If it sounds mad

I’ve just been reading Glyn Moody’s article on the defence of hackers and open source. And no doubt I fully disagree with any notion that Free and Open Source is as relatable to some mass anarchistic insensible process.

I thought to myself that there probably is a quick test to see if what someone is saying about open source makes sense. A quick and dirty litmus test for checking if the author understands open source in principle and in practice.

If you replace “Open Source” with the word “Science” and set the date of the article or book back to 1650, does it sound like it’s totally mad?1 If you replace “Open Content” with “Free Speech”, does it sound like the author is grasping for a way to put people back in their nice Aristotelian place?

What I see when I read articles and books that attack free culture, is a mind on the other end of the text trying to work a messy and human process into an authoritarian view of the world (nice, ordered, predicable systems). I actually boil this down to a lack of trust in humanity and messiness. Which is a shame, because biological evolution is a messy system with lots of “waste”2 and human dialectics is a messy system with a lot of “waste” (what some call a long tail of content quality) and yet they’ve both produced amazing results3.

This is why it’s right that new ideas in Ubuntu should be tried, but at the same time a critical eye be placed over the results. Because it’s only through trying things out that we learn if they work at all. Even in design, where most designers would claim to be self supporting machines of innovation, I believe it’s natural to have a certain amount of trial and error. Of course having the space and energy to carry out the chaotic research is important, something we work on to improve in the open source design world.

But trying things does take a lot of energy and this is where the efficiency gains of open source are most important. We don’t know which of the thousands of programs are going to be the best, but we do know that at every stage there is the opportunity to share gains and pick up where others have left off. Truly standing on the shoulders of giants that came before us allows us to be usefully “wasteful”.

Far from Free and Open Source being a constraint on innovation, I find more and more that it is the source of innovation and what we really need more of is a way to execute on good ideas rather than the old tired thinking that we just don’t have any good ideas.

What are your thoughts?

1 I admit that this does require some association of the method of creating practical mechanical designs (software) with the methods of creating testable theoretical models as in science. I’ve had very long emails in this discussion, but I’m still fairly confident that it’s equatable in it’s requirement for open sharing of ideas and designs.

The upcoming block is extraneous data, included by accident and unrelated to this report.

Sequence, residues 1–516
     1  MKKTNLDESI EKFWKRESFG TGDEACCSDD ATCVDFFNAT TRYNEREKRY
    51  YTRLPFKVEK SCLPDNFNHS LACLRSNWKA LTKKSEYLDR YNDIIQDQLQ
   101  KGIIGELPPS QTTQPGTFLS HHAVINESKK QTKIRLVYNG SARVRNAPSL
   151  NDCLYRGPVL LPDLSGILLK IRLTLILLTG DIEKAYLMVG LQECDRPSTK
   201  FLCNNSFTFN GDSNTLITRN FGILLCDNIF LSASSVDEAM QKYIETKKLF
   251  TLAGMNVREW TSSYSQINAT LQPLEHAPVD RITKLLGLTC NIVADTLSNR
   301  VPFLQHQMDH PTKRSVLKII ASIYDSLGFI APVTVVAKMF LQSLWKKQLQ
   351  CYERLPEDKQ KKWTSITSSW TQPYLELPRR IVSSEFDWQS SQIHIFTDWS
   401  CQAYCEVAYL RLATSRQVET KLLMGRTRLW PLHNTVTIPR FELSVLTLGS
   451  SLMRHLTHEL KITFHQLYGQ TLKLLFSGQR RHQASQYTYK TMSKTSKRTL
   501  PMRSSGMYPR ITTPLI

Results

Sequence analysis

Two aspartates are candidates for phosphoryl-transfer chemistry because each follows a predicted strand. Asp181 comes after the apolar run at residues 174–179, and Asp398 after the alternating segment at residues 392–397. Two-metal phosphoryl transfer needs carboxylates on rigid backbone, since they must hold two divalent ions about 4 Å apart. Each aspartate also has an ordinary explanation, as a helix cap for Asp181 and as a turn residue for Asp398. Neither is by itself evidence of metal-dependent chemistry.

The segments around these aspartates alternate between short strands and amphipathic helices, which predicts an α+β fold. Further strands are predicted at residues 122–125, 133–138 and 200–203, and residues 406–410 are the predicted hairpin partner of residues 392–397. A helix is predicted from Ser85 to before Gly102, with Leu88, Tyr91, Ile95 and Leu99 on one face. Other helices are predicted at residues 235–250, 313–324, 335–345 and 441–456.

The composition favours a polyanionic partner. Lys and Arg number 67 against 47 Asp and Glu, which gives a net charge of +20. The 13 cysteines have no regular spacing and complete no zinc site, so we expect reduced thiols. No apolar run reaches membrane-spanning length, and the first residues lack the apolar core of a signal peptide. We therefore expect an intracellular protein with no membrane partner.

2 The waste is not waste in my view, it’s navigation.
3 I’m a big fan of the idea that the classic view of innovation is rubbish and the only truly new ideas are just convenient mistakes. All other ideas are dialectic compositions and so “innovation” in my view is more about mixing existing ideas and good innovators are good mixers.

Promote Free Culture

This poster has been in the works for a while, but I’m happy enough to finally publish it today:

It’s available in source form from Spread Ubuntu here and on the deviantArt page you can order a print if you can’t make your own prints.

If you think the work I do to make our cultural ideas more easily understood, consider dropping a few sheckles1:

What do you think?

Update: I put in fresher text which should help some of the older stale text be more understood.

Bruno on Economics

Bruno Girin today wrote a very comprehensive comment about my previous blog post about Free Culture.

I thought it was good enough to post as a full post and also add my own reply at the bottom:

It’s all down to the concept of scarcity, which is the corner stone of market economy. Market economy works something like this: when a resource is scarce somewhere, you will look for a provider than has a surplus of that resource and is ready to exchange it against something you have that he wants. For example, Argh went hunting and has a lot of meat but no fruit. Urgh went collecting fruit and has a lot of fruit but no meat. Argh and Urgh agree to exchange meat against fruit to address their respective scarcity problems.